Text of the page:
This computer is unusual in that the simplicity isn't hiding anything; it's not a facade for apps, settings, or gestures to hide behind. Until the user presses the button, it's not possible for this computer to offer any value. There's simply nothing for it to do. Any value it offers depends entirely on the button-pressing pattern, now and in the future.
Each time the user presses the button, the computer saves the time. After two or three presses the next press can be roughly predicted by extending the time of the most recent press by the average of the last few intervals. This heuristic is rough but a fine place to start. Accuracy would be counter-productive anyway. When a prediction is available the user is visually informed of when the predicted press is expected.
So when is the button pressed? Like with regular computers, it's a garbage-in garbage-out situation. When just messing about it's all meaningless; the user won't see any value at all. If the user is earnestly pressing the button but for the wrong reason, they'll see very little value in it. However, there is one specific reason to press the button that opens up many interesting possibilities.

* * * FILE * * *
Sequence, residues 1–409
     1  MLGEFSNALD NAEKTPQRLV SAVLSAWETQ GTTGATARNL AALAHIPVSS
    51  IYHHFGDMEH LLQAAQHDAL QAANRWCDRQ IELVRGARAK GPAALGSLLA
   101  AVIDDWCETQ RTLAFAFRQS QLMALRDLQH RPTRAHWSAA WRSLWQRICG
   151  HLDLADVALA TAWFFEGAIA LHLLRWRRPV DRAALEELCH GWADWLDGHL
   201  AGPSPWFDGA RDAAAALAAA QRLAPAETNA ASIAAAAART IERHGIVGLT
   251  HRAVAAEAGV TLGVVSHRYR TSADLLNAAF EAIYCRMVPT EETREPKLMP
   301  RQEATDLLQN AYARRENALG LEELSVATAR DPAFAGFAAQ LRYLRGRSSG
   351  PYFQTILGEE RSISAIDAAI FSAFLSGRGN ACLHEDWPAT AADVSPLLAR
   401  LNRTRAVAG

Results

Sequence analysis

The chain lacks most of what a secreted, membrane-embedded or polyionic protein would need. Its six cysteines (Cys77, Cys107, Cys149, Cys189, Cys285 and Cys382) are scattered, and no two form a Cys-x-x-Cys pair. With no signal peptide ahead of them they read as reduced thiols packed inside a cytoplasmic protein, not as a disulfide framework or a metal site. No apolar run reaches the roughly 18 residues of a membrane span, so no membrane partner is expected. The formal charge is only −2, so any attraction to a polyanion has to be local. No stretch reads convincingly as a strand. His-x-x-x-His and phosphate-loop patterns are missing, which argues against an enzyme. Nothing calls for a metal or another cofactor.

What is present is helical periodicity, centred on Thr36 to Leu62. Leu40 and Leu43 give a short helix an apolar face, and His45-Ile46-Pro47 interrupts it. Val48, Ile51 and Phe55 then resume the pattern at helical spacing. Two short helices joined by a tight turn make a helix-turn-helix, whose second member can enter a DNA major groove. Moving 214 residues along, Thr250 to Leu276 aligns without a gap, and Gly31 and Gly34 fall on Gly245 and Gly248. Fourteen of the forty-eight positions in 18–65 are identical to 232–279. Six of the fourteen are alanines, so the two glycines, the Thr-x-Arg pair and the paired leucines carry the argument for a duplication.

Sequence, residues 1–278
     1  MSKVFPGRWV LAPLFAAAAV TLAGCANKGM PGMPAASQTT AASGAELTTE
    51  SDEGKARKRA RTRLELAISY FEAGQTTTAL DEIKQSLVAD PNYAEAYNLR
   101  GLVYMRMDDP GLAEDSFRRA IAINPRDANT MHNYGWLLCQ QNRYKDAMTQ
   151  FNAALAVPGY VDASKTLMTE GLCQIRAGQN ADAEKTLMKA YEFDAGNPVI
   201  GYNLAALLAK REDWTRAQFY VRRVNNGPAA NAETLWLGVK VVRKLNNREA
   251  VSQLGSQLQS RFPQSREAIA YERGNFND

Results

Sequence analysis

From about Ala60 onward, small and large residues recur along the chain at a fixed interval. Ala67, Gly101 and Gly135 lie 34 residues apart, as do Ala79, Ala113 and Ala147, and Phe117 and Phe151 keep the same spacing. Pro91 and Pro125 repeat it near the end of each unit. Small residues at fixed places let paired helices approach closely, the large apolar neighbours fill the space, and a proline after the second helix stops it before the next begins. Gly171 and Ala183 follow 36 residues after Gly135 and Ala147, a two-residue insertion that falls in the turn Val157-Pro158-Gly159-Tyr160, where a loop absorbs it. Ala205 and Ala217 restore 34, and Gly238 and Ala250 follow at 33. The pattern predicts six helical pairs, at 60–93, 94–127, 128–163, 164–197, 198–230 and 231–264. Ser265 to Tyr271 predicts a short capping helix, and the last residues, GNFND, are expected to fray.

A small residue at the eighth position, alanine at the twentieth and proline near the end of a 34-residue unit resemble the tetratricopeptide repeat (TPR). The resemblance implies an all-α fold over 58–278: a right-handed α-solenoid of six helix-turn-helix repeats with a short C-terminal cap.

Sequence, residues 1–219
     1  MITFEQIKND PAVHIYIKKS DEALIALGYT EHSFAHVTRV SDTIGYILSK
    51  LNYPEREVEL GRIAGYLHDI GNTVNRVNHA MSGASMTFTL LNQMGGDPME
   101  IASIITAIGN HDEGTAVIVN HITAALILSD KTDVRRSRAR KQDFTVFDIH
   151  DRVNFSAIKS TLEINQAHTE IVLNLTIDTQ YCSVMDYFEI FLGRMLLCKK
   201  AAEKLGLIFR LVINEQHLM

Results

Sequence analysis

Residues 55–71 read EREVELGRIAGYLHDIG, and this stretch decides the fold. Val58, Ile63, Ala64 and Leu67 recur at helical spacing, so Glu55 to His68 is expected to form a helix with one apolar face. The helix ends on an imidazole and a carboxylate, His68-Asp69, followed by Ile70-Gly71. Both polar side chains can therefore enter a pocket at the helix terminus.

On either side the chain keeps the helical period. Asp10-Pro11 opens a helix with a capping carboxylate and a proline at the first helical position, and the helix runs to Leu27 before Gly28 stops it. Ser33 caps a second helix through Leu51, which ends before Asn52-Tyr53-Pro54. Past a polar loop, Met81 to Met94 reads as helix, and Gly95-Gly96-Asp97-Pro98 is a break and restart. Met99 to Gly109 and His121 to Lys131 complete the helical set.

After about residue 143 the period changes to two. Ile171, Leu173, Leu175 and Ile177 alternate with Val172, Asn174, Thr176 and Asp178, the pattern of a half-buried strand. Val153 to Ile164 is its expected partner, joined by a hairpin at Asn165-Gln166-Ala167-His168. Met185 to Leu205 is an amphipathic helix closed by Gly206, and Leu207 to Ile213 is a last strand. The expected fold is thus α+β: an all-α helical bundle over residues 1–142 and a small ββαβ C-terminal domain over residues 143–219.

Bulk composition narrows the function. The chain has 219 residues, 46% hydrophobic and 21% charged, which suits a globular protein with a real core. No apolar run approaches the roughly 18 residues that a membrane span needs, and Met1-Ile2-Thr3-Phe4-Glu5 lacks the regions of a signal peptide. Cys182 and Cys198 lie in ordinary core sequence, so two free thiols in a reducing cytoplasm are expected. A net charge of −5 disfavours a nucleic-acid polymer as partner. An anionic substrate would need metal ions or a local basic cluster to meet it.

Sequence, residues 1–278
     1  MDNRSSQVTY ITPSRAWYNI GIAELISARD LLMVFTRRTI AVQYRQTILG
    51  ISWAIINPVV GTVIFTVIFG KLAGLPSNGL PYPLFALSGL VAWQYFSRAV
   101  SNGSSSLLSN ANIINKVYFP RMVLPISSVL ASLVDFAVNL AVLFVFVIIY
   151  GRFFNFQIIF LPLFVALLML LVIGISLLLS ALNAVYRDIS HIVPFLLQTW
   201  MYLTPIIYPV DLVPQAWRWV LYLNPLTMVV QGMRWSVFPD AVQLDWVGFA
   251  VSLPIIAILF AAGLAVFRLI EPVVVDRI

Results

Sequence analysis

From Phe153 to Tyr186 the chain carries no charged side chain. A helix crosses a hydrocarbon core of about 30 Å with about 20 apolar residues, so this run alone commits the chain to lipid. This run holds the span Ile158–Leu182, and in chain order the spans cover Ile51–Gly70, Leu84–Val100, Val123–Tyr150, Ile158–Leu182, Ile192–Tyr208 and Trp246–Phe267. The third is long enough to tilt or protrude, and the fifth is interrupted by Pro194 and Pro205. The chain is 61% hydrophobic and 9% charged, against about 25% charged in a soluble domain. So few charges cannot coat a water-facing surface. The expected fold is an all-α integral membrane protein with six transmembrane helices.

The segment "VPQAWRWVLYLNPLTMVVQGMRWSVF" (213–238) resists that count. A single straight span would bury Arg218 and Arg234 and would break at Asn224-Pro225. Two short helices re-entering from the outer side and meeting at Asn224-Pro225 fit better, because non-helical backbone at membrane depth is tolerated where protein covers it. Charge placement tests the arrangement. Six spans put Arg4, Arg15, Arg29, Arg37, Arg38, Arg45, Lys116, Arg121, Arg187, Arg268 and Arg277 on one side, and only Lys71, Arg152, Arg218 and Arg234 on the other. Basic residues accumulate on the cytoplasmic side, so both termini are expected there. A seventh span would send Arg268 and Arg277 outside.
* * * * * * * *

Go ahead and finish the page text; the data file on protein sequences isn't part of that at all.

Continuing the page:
It's this: the user presses the button only when they take action in their life. Any action, no matter how major, minor, or how long it took, or whether it was just now, an hour ago, or yesterday. One press per action, no detail needed. For each button, the actions should probably be related. But it's all good as long as each button-press maps to a real action. While there's only one button at the beginning, there's no upper limit; the user decides what each button means, how many they want, and how they're organized.
That's the simplest personal computer.
Unlike how newbies first experience regular computers, you're already an expert on how to use it. I can say with great confidence that you're a button-pressing fiend and you're also the leading authority on what you get up to.
It's much more personal than usual because it's actually all about you. The only information to work with comes from your button presses about your actions; there's nothing else. Any structure that arises is of your own making, so you will understand it. And the overall simplicity means it works just fine without ever touching the Internet. That's wonderful for privacy.
From the time series, rough predictions are made about your future. This is because you are mapping presses to actions. The best predictions come from past actions, and that's exactly what the computer has to work with. You might be surprised at how predictable you are when your various activities are isolated into their own frequency patterns.
That's Not All
I've implemented all of these ideas in Benome. Although it's newly released and early in its development, you can already find in it many of the above properties, with more to come. It's not quite as simple as it could be, but close; I've pulled it back for now. It'll be open sourced soon enough.